As it ventures further into heavy metal, this volume provides a detailed exploration of the death metal and black metal years which recite the major facts, provide some new details, and avoid rampant speculation. At this point as a reader I found myself liking this book, despite having been annoyed by the first chapters of history, and found its insights were greater than one would expect from a journalist outside of underground metal. There are some missteps but sensibly Baddeley allows the book to essentially trail off into interviews with interesting people who are vaguely evil, and does not police forms of Satanism to enforce an agenda. Thus the paradox again: a surface view of Satanism, but many ideas are allowed to emerge to show us the background thought behind those drawn to this general direction, even if no coherent philosophy emerges and so most of it seems like a trash heap of comedic contradictions, bold assertions, mistaken and inverted Christian notions and the like.

Some moments are simply good humor, such as this interview with the legendary Paul Ledney of Havohej/Profanatica/Revenant/Incantation:

What do you think of love?

I don’t know — I love sodomy

Many of the interview questions are excruciatingly obvious and repeated, but this is how Baddeley breaks down his subjects and gets them to finally articulate the core of their thinking on an issue, much like frustrated people often give the best summaries of an idea after they have tried to express it repeatedly to others. This both provides some insight, and creates a lot of redundancy in the interviews which add to the confusion of the topic and the consequent tendency of the reader to zone out. Still there are some exceptions, like this cutting to the chase with Varg Vikernes of Burzum:

Why do you and Euronymous have such a great hatred of the Church of Satan?

Satanism is supposed to be something forbidden, something evil, something secret, something people don’t know anything of. You go to America and in the telephone directory you can see ‘Church of God,’ ‘Church of Jesus’ and ‘Church of Satan.’ You call, and a woman answers, ‘Church of Satan, may I help you?’ You think, ‘This isn’t Satanism! Some stupid fuck is trying to ruin everything.’ The superstitious part of it falls apart. The Church of Satan deny Satan, they say He doesn’t exist, yet they act as if He did, they rebel against God. They call themselves Satanists because He also rebelled against God, but they’re basically light- and life-worshipping individualists.

How interesting that he picked up on individualism as the dominant trait of mainstream Hollywood Satanism. It is as if the ultimate rebellion is to transcend all barriers, including the final one in the self. The interviews in this book are often like metal itself, half amateurish lazy drop-out and half insightful dissident looking for a way outside of the tenets of modern society. In that much of the value of this book emerges, not so much as a study of Satanism itself but as a look at the psychology of opposition, with Satanism as a helpful focus that covers for the real story, which is a revelation of discontent with the philosophies of our time. While Lucifer Rising: Sin, Devil Worship & Rock ‘n’ Roll does not dig deeper than that, as a read-between-the-lines experience this book is worth its weight in gold and reveals far more than it could under its ostensible topic.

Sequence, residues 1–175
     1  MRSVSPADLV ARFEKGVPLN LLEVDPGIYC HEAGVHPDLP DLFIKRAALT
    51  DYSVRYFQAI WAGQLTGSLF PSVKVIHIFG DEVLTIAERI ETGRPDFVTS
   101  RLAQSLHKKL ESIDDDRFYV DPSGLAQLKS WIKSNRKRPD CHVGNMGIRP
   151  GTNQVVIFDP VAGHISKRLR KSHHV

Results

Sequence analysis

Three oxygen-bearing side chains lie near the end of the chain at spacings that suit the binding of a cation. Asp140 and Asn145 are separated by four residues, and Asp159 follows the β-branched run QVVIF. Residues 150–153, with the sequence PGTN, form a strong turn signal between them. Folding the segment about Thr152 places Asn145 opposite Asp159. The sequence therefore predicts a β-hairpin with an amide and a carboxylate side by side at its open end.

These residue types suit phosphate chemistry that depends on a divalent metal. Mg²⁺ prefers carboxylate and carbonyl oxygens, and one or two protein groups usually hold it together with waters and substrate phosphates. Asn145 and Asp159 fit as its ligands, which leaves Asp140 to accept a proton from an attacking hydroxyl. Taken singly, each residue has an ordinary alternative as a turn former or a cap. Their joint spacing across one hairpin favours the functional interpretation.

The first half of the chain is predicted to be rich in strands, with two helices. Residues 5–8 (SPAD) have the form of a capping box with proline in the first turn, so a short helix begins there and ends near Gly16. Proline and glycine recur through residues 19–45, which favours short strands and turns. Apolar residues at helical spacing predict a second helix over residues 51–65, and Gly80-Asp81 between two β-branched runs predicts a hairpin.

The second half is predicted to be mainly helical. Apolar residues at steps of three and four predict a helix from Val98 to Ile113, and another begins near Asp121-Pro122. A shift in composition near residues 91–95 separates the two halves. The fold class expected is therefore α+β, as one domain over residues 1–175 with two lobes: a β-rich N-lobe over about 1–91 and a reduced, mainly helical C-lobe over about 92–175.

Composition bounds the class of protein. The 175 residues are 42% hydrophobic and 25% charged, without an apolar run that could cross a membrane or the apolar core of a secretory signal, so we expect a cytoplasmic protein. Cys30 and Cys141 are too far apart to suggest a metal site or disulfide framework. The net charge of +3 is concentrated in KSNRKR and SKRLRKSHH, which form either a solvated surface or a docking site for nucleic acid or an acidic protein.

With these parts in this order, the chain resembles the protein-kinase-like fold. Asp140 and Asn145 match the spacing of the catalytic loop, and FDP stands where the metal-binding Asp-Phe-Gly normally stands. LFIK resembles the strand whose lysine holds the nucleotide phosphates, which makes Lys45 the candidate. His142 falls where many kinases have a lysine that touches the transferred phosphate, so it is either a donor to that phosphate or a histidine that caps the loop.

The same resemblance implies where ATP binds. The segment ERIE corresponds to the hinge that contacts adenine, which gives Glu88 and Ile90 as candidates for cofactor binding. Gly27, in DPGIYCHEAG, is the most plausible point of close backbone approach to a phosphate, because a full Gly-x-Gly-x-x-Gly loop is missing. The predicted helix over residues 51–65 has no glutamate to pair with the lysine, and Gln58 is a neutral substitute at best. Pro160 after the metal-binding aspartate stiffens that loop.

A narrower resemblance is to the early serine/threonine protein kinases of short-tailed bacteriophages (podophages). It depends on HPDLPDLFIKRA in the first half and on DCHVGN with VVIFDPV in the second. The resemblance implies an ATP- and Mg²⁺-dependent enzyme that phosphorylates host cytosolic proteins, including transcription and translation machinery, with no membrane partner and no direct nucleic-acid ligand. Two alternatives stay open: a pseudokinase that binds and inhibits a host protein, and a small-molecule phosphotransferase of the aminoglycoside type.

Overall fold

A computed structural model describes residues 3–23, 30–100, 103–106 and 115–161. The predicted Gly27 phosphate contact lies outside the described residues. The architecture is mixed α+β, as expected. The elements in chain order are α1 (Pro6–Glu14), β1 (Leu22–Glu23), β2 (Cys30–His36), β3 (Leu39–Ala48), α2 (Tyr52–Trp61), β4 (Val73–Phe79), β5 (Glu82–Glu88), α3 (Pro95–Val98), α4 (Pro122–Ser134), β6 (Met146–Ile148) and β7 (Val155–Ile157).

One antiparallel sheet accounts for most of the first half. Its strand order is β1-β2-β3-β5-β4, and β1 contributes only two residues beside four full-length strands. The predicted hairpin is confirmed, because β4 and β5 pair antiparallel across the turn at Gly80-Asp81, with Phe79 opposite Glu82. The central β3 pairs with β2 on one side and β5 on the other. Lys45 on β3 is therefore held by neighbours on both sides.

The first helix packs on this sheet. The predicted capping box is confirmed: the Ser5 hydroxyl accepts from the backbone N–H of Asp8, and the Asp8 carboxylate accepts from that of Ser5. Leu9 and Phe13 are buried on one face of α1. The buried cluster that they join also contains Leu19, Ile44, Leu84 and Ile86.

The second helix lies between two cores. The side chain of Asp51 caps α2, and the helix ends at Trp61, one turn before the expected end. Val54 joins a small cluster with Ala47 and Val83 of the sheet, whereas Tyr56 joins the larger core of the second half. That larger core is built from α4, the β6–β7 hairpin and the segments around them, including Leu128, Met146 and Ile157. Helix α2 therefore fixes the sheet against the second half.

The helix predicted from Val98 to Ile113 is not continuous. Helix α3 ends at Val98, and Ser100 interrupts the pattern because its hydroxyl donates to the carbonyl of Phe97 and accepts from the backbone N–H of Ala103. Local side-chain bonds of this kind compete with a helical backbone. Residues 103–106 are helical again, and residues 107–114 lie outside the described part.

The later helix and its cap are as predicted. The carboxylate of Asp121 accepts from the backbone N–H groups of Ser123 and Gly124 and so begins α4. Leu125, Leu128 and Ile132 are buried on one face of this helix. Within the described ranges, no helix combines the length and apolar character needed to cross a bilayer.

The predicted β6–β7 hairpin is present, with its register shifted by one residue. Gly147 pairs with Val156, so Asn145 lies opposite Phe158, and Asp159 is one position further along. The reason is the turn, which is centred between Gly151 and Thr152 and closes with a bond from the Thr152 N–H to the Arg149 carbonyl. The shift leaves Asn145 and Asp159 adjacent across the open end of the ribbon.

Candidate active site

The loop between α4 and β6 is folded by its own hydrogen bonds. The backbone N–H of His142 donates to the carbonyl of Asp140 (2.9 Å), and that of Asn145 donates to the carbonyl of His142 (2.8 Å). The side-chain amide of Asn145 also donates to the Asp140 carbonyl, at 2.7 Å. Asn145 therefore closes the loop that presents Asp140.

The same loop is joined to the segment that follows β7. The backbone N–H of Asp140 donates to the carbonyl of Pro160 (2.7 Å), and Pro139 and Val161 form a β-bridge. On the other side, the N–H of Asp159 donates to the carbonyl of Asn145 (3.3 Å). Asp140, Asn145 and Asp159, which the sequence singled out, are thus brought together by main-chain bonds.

21 Comments

Tags: , , , , , , , ,

Demoncy – Joined in Darkness re-issue on Forever Plagued Records

demoncy-joined_in_darkness-forever_plagued-reissue

This re-issue gives a classic black metal treatment to this underground powerhouse, which previously was heard as being more of a death metal album owing to its production more resembling that of the Incantation/Revenant vein of metal, in addition to many of its riffs fitting within the same form. With more spacious sound, the album sounds more distant and less loud which gives it a background resembling that of the Norse black metal which inspired the first wave of black metal. This more resonant sound brings out more of the tone in these songs and allows the melodic sense to shine, giving the album as a whole less abrasion but more atmosphere. As if to underscore this choice, the re-issue includes “The Ode to Eternal Darkness,” a nine-minute song which emphasizes the building of mood through repetition with internal melody in the style of black metal bands recognized more for their melodic sensibility. Although I am a sentimental bastard prone to like what I know, I prefer this mix to the original or the intermediate re-issue and hope the same treatment is given to other Demoncy albums which remain under-recognized despite their high quality.